Background: Cyclins are a family of proteins that activate specific cyclin-dependent kinases required for progression through the cell cycle. The entry of all eukaryotic cells into mitosis is regulated by activation of cdc2/cdk1 at the G2/M transition. This activation is a multi-step process that begins with the binding of the regulatory subunit, cyclin B1, to cdc2/cdk1 to form the mitosis-promoting factor (MPF). MPF remains in the inactive state until phosphorylation of cdc2/cdk1 at Thr161 by cdk activating kinase (CAK) (1,2) and dephosphorylation of cdc2/cdk1 at Thr14/Tyr15 by cdc25C (3-5). Five cyclin B1 phosphorylation sites (Ser116, 126, 128, 133, and 147) are located in the cytoplasmic retention signal (CRS) domain and are thought to regulate the translocation of cyclin B1 to the nucleus at the G2/M checkpoint, promoting nuclear accumulation and initiation of mitosis (6-9). While MPF itself can phosphorylate Ser126 and Ser128, polo-like kinase 1 (PLK1) phosphorylates cyclin B1 preferentially at Ser133 and possibly at Ser147 (6,10). At the end of mitosis, cyclin B1 is targeted for degradation by the anaphase-promoting complex (APC), allowing for cell cycle progression (11). Research studies have shown that cyclin B1 is overexpressed in breast, prostate, and non-small cell lung cancers (12-14).

$260
100 µl
APPLICATIONS
REACTIVITY
Human, Mouse, Rat

Application Methods: Immunoprecipitation, Western Blotting

Background: Activity of the cyclin-dependent kinases CDK4 and CDK6 is regulated by T-loop phosphorylation, by the abundance of their cyclin partners (the D-type cyclins), and by association with CDK inhibitors of the Cip/Kip or INK family of proteins (1). The inactive ternary complex of cyclin D/CDK4 and p27 Kip1 requires extracellular mitogenic stimuli for the release and degradation of p27 concomitant with a rise in cyclin D levels to affect progression through the restriction point and Rb-dependent entry into S-phase (2). The active complex of cyclin D/CDK4 targets the retinoblastoma protein for phosphorylation, allowing the release of E2F transcription factors that activate G1/S-phase gene expression (3). Levels of cyclin D protein drop upon withdrawal of growth factors through downregulation of protein expression and phosphorylation-dependent degradation (4).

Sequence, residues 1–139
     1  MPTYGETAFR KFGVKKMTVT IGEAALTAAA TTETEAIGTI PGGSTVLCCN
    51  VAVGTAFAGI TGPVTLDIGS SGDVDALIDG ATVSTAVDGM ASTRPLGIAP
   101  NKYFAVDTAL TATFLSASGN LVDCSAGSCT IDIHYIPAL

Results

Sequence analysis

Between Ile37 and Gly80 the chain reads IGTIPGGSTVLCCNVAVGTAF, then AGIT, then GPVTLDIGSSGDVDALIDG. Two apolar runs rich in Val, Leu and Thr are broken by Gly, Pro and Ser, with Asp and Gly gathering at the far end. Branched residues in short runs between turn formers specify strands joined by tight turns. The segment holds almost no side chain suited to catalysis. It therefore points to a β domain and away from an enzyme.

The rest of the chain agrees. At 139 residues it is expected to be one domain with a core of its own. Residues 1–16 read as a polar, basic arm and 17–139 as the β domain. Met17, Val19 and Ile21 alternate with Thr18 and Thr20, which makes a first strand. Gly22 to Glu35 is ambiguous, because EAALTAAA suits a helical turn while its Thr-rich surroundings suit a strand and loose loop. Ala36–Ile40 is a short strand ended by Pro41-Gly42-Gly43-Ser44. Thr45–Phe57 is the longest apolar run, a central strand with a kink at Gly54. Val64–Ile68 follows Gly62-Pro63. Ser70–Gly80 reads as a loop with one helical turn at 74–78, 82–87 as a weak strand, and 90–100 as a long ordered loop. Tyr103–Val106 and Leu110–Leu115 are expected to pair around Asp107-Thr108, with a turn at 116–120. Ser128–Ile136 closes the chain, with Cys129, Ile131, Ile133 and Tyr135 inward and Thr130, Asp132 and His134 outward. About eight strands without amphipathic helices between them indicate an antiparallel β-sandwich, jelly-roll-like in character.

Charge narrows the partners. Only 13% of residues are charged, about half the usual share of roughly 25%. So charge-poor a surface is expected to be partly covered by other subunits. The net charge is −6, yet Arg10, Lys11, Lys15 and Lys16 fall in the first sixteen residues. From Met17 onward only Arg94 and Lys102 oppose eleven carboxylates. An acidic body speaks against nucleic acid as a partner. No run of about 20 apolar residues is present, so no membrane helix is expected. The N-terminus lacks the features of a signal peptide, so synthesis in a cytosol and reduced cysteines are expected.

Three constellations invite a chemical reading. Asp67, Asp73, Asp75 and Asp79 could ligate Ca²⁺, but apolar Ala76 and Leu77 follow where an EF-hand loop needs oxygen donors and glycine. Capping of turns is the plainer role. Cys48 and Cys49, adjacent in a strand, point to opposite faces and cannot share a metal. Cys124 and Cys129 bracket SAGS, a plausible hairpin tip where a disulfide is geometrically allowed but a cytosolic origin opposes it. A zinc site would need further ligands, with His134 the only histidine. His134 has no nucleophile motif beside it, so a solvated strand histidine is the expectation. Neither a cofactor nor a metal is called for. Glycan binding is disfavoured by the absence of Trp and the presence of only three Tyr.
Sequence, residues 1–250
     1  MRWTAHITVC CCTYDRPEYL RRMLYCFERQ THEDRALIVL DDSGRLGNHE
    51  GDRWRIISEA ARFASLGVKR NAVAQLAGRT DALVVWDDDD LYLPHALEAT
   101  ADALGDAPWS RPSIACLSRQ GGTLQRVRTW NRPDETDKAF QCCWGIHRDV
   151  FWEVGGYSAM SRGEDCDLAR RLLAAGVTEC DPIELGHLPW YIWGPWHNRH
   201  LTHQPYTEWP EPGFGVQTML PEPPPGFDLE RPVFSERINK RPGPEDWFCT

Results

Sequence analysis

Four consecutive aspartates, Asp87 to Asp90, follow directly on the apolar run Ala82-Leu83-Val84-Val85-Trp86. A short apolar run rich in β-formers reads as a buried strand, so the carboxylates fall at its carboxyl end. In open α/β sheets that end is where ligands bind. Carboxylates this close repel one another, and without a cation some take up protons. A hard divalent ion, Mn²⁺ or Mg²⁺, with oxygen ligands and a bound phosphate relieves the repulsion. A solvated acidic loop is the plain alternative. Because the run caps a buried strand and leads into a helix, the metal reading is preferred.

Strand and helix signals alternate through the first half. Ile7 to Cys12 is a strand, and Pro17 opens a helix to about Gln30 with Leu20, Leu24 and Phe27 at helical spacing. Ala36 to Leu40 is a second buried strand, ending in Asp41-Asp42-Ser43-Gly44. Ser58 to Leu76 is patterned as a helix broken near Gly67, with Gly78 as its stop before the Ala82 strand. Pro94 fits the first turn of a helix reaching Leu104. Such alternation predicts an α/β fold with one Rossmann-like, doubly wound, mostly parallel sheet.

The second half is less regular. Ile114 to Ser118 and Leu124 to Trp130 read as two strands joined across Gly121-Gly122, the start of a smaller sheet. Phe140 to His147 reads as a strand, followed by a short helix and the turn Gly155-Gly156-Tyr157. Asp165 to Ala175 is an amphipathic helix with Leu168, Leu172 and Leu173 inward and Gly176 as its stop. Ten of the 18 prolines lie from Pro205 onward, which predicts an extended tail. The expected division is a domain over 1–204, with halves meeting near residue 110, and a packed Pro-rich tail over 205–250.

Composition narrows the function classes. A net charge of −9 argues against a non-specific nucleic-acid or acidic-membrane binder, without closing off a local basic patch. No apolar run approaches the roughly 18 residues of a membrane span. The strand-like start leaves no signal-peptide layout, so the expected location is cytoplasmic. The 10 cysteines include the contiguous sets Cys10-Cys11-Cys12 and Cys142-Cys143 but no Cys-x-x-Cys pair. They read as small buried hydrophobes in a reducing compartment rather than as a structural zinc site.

$260
100 µl
APPLICATIONS
REACTIVITY
Human

Application Methods: Chromatin IP, Western Blotting

Background: The E2F transcription factors are essential for regulation of the cell cycle (1,2). Physiological E2F is a heterodimer composed of an E2F subunit together with a DP subunit (3, 4). Six members of the E2F family have been identified, and each E2F subunit has a DNA binding and a dimerization domain. E2F-1 to -5 activate transcription. E2F-1 to -3 bind pRb, and E2F-4 and -5 bind p107 or p130, and these interactions are under cell cycle control (5-8). E2F-1 has oncogenic properties in vivo and in vitro. E2F-1 can induce apoptosis through p53-dependent and -independent mechanisms. E2F-1 is stress-responsive, and is regulated by a PI3-kinase-like kinase family such as the ATM/ATR kinases (9-11).

$111
20 µl
$260
100 µl
APPLICATIONS
REACTIVITY
Human, Monkey

Application Methods: Chromatin IP, Immunoprecipitation, Western Blotting

Background: The p53 tumor suppressor protein plays a major role in cellular response to DNA damage and other genomic aberrations. Activation of p53 can lead to either cell cycle arrest and DNA repair or apoptosis (1). p53 is phosphorylated at multiple sites in vivo and by several different protein kinases in vitro (2,3). DNA damage induces phosphorylation of p53 at Ser15 and Ser20 and leads to a reduced interaction between p53 and its negative regulator, the oncoprotein MDM2 (4). MDM2 inhibits p53 accumulation by targeting it for ubiquitination and proteasomal degradation (5,6). p53 can be phosphorylated by ATM, ATR, and DNA-PK at Ser15 and Ser37. Phosphorylation impairs the ability of MDM2 to bind p53, promoting both the accumulation and activation of p53 in response to DNA damage (4,7). Chk2 and Chk1 can phosphorylate p53 at Ser20, enhancing its tetramerization, stability, and activity (8,9). p53 is phosphorylated at Ser392 in vivo (10,11) and by CAK in vitro (11). Phosphorylation of p53 at Ser392 is increased in human tumors (12) and has been reported to influence the growth suppressor function, DNA binding, and transcriptional activation of p53 (10,13,14). p53 is phosphorylated at Ser6 and Ser9 by CK1δ and CK1ε both in vitro and in vivo (13,15). Phosphorylation of p53 at Ser46 regulates the ability of p53 to induce apoptosis (16). Acetylation of p53 is mediated by p300 and CBP acetyltransferases. Inhibition of deacetylation suppressing MDM2 from recruiting HDAC1 complex by p19 (ARF) stabilizes p53. Acetylation appears to play a positive role in the accumulation of p53 protein in stress response (17). Following DNA damage, human p53 becomes acetylated at Lys382 (Lys379 in mouse) in vivo to enhance p53-DNA binding (18). Deacetylation of p53 occurs through interaction with the SIRT1 protein, a deacetylase that may be involved in cellular aging and the DNA damage response (19).